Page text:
Harvard Business Review

Failure and Leadership. I’m not the only one who find links between these two topics. Harvard Business Review united these two pet themes of mine in an article recently tweeted by Peter Bebb on the RSA’s ‘Glory of Failure’ Ning network I mentioned in the last post.

This article is adapted from their book, ‘Whoever Makes the Most Mistakes Wins: The Paradox of Innovation’ by Richard Farson and Ralph Keyes. The vibrant anecdotes echoed a lot of my ‘Three Levels of Empowerment’ post especially on the ‘I’ve got your back’ level.

A few of the highlights for me were the following excerpts…

“Failure-tolerant leaders send clear messages to their organizations that constructive mistakes are not only acceptable but worthwhile. Employees feel that they have been given the green light to set out and explore, no longer thinking in terms of success or failure but instead in terms of learning and experience. And that’s the key to coming up with breakthrough products and processes: viewing mistakes for the educational tools they are and as signposts on the road to success.”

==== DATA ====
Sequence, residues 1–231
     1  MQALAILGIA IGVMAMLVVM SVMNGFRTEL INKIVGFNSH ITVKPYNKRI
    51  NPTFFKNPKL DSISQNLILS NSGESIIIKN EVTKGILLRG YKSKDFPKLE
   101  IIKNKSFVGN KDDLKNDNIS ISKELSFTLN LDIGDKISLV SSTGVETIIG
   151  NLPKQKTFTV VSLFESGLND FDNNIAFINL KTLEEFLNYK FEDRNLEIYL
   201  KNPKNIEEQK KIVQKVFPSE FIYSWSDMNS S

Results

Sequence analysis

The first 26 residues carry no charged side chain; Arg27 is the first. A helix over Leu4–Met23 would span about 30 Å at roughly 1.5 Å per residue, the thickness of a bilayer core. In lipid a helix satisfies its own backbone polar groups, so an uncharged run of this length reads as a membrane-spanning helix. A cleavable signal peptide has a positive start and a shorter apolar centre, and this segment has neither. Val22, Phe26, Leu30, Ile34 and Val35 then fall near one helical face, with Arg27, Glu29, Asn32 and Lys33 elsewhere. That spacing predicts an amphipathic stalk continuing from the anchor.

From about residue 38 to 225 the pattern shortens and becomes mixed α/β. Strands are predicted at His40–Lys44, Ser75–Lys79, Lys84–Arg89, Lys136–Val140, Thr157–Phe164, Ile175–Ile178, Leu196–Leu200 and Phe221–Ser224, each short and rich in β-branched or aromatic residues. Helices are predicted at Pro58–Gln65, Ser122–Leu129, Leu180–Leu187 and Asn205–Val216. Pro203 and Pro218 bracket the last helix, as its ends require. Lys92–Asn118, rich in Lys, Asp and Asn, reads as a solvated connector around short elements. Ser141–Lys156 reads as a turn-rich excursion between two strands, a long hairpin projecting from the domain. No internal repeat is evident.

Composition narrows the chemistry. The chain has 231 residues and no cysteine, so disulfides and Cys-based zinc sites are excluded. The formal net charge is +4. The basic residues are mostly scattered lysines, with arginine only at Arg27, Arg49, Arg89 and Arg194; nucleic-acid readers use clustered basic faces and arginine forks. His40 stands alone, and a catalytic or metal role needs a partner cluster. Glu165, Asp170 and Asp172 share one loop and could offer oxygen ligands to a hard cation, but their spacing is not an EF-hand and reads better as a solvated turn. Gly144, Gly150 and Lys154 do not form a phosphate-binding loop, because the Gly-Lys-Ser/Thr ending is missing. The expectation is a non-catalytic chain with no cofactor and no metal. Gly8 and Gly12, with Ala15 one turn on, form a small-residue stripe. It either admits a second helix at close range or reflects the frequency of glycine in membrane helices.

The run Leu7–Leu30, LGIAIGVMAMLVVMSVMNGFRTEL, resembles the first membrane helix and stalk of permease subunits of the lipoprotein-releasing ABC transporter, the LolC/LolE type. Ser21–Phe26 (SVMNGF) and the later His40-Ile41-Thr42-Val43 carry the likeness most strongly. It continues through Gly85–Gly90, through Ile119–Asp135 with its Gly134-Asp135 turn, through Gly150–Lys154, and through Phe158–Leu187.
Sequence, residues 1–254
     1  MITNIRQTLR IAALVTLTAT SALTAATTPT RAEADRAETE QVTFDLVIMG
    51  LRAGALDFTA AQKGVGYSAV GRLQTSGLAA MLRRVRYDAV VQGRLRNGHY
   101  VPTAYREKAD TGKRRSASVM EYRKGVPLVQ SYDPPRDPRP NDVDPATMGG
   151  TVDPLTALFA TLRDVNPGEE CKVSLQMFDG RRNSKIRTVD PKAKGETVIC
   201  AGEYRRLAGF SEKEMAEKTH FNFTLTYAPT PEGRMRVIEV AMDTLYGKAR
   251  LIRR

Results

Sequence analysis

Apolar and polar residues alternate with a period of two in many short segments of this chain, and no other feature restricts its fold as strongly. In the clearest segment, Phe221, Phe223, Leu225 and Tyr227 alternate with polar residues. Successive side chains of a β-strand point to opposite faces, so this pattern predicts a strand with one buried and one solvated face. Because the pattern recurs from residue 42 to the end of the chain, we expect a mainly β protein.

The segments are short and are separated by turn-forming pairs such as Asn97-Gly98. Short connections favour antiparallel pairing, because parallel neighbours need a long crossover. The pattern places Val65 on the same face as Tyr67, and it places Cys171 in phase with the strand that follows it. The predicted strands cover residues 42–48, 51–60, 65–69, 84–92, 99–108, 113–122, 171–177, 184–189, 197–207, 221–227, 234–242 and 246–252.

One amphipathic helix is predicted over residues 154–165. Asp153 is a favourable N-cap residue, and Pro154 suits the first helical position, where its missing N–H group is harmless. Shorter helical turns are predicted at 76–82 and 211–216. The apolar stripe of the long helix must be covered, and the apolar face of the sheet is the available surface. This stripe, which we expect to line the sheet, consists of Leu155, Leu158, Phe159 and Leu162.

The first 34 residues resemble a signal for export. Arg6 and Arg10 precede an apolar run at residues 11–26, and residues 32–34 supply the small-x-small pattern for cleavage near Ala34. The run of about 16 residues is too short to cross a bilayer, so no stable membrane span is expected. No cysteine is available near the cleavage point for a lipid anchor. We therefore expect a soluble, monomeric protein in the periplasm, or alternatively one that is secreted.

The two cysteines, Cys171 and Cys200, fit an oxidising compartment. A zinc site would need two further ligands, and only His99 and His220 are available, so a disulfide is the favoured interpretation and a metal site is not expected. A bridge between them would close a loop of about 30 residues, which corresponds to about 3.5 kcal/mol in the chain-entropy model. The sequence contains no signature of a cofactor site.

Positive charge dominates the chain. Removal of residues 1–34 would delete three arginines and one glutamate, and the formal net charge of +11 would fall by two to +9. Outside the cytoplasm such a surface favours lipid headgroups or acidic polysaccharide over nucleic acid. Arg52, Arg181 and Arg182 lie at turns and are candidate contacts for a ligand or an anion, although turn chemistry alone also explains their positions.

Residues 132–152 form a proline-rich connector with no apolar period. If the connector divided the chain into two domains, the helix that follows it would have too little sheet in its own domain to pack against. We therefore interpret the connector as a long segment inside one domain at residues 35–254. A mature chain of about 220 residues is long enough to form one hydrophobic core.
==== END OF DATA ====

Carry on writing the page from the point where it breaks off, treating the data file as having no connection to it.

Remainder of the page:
“Most of our better presidents, ”observed Ronald Reagan’s campaign manager John Sears, “learned to empathize through suffering personal tragedy or failure.…There is something about losing and coming back from it that burns character into a man’s soul, breeds confidence without arrogance, and makes a man believable when he talks about problems.”

“GM’s Kettering, regarded as second only to Thomas Edison as America’s leading inventor mogul, liked to say that a good research man failed every time but the last one. ’He treats his failures as practice shots, ‘Kettering noted, adding that he himself had been wrong 99.9% of the time. What every educated person needed to learn, he felt, was ‘that it’s not a disgrace to fail, and that you must analyze each failure to find its cause….You must learn how to fail intelligently. Failing is one of the greatest arts in the world. One fails forward toward success.’ “

Leaders are fault supporting; Managers are fault neutralising. Both together create a fault tolerant team.